Too much 'noise' can affect brain development
Biologists have determined that uncontrolled fluctuations (or "noise) in the derivative of vitamin A , Retinoic acid (RA), can disrupt brain development.
Animal cells communicate with each other by releasing molecular signals that circulate between cells of developing tissues. These signals are detected by receptors on a cell's surface. Random variations in these signals (noise) can affect how many signals, how they move through the space between cells, where they bind to receptors, all making cell signalling very complex.
Cells responding to any particular signal somehow can ignore the noise of random variations to establish sharp boundaries between different cell types. This ability is needed for cells to maintain their distinct roles. However, few studies have attempted to measure the noise from random variations, or determine how cells manage to respond in a consistent manner and form specific tissues, without being confused by noise.
Retinoic acid is a signaling molecule important in the world of cell communication. Particularly in the development of the brain in animals.
RA forms a gradient along the body of an embryo from head to tail, an Anterior to Posterior axis (A-P). But its quantity in types of interactions has been difficult to measure. Julian Sosnik and Thomas F Schilling from the Department of Developmental and Cell Biology, University of California, Irvine, in the Center for Complex Biological Systems, exploited a way to measure the weak fluorescense given off by RA to detect and measure it in zebrafish embryos.
In order to establish the frequency of RA noise in zebrafish, they captured data from different cells, searching for RA lags which correlated with changes in cell function. Their experiments revealed that retinoic acid forms a gradient along zebra fish embryos, with lower levels at the head and higher levels at the tail.
They identified one protein, Crabp2a, within developing embryos that interacts with RA to reduce the noise from random variations. Crabp2a appears to control noise in RA levels quickly by binding to RA and helping it enter cells or by buffering its availability in the cell cytoplasm. When the Crabp2a protein was altered, cells could no longer control the level of RA noise — which led to disrupted brain organization.
[Crabp2a and Cyp26a1 are Retinoic acid receptors (RARs) and often act to repress transcription until they bind with RA. Therefore Crabp2a and Cyp26a1 appeart to modulate noise in RA targets by altering this balance between activation and repression of gene transcription.]
These mechanisms for binding RA are likely to be similar in other cell signaling systems as they are critical to embryo development and general adult physiology, and also possibly to human diseases.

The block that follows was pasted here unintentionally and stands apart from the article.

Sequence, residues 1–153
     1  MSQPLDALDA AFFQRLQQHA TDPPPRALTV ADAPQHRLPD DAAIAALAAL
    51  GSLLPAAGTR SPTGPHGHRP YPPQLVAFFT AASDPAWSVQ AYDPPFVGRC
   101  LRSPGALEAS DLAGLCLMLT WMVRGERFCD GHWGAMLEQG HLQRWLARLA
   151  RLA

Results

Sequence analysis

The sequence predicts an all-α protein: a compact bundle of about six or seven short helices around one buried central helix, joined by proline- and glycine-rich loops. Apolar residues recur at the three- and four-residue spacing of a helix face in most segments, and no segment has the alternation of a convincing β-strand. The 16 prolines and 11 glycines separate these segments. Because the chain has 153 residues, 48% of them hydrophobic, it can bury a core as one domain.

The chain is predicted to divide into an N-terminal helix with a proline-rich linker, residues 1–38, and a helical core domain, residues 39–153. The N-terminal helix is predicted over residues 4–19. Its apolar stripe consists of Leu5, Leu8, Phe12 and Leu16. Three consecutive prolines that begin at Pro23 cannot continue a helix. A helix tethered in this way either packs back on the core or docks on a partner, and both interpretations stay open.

The results of their study are published online at eLife, in which the researchers conclude that noise reduction within cells is critical for the proper response to the RA gradient and normal organization of brain tissue.
Future studies will continue to examine how noise affects the expression of genes responding to RA in developing brain cells. There may be potential benefit in knowing how noise changes cells from one type to another.
Morphogen gradients induce sharply defined domains of gene expression in a concentration-dependent manner, yet how cells interpret these signals in the face of spatial and temporal noise remains unclear. Using fluorescence lifetime imaging microscopy (FLIM) and phasor analysis to measure endogenous retinoic acid (RA) directly in vivo, we have investigated the amplitude of noise in RA signaling, and how modulation of this noise affects patterning of hindbrain segments (rhombomeres) in the zebrafish embryo. We demonstrate that RA forms a noisy gradient during critical stages of hindbrain patterning and that cells use distinct intracellular binding proteins to attenuate noise in RA levels. Increasing noise disrupts sharpening of rhombomere boundaries and proper patterning of the hindbrain. These findings reveal novel cellular mechanisms of noise regulation, which are likely to play important roles in other aspects of physiology and disease.
Other researchers who contributed to the study are Likun Zheng, Christopher V. Rackauckas, Michelle Digman, Enrico Gratton and Qing Nie. This work was partly supported by grants from the NIH/NIGMS (R01-GM107264) and (P50-GM76516).
Nature Reviews: Genetic
Retinoic acid in development: towards an integrated view
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